Oil stocks have been hammered by investors as a result of the plunge in oil prices. That's pretty evident on the following chart as oil stocks took a notable dive alongside oil in October.

EOG Chart

EOG data by YCharts

What's pretty remarkable is that despite the oil price-fueled drubbing, these companies aren't a bit worried about the fall in oil prices. In fact, all five companies plan to keep on drilling next year pushing oil production higher. The reason behind the growth push is simple, even at lower oil prices these companies can still make a boatload of money.

Big cushion
Take EOG Resources (NYSE:EOG) for example. The company's management team isn't worried about low oil prices because, as CEO Bill Thomas puts it, "our large high-quality drilling portfolio still generates exceptional returns with $80 oil." The company is actually earning direct after-tax rates of return of around 100% throughout its portfolio at $80 oil. Further, as the following slide points out the company can still eke out an acceptable return if oil prices are cut in half.

Source: EOG Resources Investor Presentation. 

As that slide notes, the company can make money even if oil drops to $40 per barrel. However, because its returns are still fantastic at today's $80 oil environment, the company plans to continue to deliver best-in-class crude oil growth in 2015.

Same story, different driller
A similar story is being told by most other drillers. Devon Energy Corp. (NYSE:DVN), for example, is still planning to deliver 20-25% oil production growth next year while keeping its capital spending roughly in line with 2014 levels. This is because it's also enjoying strong rates of return at lower oil prices as it will simply shift its drilling focus to its best return areas. It doesn't hurt that the company has a strong hedge book to help mitigate some of the impact of lower oil prices, as well as a very strong balance sheet.

That sentiment is echoed by Pioneer Natural Resources (NYSE:PXD), which still expects to deliver companywide production growth of 16%-21% over the next two years. This is despite the fact that it sees a $70-$80 oil price environment over those two years. However, because of its strong returns of 40%-80% in that oil price range, and the fact that 85% of its production is hedged through the end of next year, it's not really all that worried about the lower prices.

ConocoPhillips (NYSE:COP), likewise, isn't planning to back off on its production growth next year. The company is in the middle of a multi-year growth plan that will see it grow production by 3%-5% per year through 2017. While the company is cutting its capital spending a bit next year, the capital being cut would have been directed at higher risk exploration or appraisal projects that were not going to move the needle next year anyway. Instead, the company is focusing its capital spending next year on developing its high margin Eagle Ford and Bakken shale assets, which are what have been fueling a good portion of its production growth over the past couple of years.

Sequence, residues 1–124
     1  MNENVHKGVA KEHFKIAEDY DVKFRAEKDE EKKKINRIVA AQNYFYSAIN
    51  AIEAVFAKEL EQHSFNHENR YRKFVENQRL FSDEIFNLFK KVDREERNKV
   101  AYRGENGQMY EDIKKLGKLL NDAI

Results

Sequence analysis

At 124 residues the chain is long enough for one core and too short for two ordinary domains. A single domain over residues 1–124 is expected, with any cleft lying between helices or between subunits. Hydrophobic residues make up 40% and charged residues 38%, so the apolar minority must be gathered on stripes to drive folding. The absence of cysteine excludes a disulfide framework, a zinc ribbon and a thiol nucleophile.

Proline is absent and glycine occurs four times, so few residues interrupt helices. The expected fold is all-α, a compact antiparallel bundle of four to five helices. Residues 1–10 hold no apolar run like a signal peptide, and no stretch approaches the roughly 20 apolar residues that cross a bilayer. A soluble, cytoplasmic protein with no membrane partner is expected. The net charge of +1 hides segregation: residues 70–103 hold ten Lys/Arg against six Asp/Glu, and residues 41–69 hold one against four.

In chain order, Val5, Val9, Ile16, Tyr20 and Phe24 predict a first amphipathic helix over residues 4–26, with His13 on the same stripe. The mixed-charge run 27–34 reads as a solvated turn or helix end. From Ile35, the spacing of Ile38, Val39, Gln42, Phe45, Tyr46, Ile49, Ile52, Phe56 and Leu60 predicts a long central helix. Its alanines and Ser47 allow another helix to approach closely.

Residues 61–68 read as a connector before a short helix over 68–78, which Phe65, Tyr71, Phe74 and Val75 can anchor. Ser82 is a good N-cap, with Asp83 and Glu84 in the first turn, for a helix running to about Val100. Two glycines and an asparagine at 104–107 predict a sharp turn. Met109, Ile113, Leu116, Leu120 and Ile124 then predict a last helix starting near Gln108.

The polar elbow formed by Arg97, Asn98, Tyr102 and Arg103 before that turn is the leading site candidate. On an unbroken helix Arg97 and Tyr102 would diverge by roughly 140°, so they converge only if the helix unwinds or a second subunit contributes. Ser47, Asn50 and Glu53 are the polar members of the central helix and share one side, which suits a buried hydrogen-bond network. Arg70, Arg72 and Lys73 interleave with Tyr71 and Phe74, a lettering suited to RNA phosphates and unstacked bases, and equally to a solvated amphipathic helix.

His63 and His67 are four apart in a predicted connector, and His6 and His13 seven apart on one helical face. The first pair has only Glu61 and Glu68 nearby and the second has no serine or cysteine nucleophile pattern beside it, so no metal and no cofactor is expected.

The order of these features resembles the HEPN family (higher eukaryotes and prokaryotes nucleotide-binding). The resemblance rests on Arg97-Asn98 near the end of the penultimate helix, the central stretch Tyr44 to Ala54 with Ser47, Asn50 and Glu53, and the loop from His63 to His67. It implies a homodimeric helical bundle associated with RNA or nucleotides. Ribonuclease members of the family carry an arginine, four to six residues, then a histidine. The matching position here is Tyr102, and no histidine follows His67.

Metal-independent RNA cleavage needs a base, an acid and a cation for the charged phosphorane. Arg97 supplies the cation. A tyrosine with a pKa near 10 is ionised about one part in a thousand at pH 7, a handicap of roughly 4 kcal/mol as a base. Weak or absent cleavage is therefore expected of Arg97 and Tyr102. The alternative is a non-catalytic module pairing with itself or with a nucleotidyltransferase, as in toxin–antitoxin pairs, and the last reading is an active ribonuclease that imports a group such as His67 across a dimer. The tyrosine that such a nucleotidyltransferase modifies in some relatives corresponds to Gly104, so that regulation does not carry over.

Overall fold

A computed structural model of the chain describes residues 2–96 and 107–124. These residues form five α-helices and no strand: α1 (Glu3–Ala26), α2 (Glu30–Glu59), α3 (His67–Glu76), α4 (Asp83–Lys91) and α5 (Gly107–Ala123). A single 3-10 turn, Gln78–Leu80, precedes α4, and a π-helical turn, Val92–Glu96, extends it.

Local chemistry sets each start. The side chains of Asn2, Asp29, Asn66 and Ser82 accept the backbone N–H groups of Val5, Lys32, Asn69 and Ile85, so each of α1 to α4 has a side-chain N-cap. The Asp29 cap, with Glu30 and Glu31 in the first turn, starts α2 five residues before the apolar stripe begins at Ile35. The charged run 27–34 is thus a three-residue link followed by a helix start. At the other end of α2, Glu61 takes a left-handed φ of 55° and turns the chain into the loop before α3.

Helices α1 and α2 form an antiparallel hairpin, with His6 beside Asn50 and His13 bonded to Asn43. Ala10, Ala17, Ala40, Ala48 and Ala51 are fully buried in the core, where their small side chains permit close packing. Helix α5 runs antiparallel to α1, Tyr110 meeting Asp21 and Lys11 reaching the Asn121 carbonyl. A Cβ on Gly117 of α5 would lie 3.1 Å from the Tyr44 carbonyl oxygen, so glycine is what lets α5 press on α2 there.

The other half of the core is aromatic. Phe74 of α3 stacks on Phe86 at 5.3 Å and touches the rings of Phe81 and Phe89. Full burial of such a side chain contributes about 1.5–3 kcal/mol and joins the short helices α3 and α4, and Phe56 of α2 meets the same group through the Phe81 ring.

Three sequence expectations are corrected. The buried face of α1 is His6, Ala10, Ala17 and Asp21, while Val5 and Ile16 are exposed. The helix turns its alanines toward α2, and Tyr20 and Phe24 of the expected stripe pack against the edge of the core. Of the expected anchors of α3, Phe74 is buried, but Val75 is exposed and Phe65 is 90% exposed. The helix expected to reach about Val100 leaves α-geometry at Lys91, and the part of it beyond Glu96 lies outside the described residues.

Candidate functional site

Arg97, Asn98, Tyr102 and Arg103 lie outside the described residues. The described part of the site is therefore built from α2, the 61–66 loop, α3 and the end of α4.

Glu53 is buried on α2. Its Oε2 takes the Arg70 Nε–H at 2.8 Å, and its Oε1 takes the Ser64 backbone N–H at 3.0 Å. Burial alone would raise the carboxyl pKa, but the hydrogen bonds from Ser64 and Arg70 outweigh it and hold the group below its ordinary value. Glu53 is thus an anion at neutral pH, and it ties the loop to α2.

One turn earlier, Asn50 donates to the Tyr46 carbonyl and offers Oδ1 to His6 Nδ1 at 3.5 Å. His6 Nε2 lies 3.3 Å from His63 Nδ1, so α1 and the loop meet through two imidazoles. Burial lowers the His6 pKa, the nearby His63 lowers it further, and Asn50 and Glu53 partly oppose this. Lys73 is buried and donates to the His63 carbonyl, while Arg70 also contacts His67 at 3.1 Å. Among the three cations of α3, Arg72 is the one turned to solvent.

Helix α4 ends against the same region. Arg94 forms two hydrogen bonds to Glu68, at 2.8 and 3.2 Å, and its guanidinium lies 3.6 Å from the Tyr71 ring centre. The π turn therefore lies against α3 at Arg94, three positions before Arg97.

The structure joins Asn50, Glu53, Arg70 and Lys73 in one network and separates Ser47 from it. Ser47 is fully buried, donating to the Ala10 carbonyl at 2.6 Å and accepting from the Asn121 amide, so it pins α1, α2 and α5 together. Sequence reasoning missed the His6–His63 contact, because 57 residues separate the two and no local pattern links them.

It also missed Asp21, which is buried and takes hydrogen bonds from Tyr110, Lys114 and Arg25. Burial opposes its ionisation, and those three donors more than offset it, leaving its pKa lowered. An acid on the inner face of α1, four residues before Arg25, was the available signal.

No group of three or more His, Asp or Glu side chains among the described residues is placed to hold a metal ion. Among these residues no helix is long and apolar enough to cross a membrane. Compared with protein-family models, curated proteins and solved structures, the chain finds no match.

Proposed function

Source: ConocoPhillips.

Then we have Continental Resources (NYSE:CLR), which is keeping its capex flat with 2014 levels, but still projecting 23%-29% production growth next year. While the company had been planning to spend $600 million more next year, that extra spending would have only pushed production growth up a little bit to 26%-30%. The other interesting note is that of the group Continental Resources is the one sneering the most at oil prices. It recently made a $433 million profit by liquidating its oil hedges resulting in a big bet that oil prices have bottomed and that the company will make even more money on a recovery.

Investor takeaway
While most drillers are pulling back a little bit on spending next year, all five companies are still planning strong production growth in 2015. This is because even with the plunge in oil prices there's still plenty of money to be made on oil. That's a fact that seems to have been lost on investors, who sold oil stocks off when oil prices went down. But, this is all good news for investors that held their shares as there's plenty of upside in oil stocks.

This article represents the opinion of the writer, who may disagree with the “official” recommendation position of a Motley Fool premium advisory service. We’re motley! Questioning an investing thesis -- even one of our own -- helps us all think critically about investing and make decisions that help us become smarter, happier, and richer.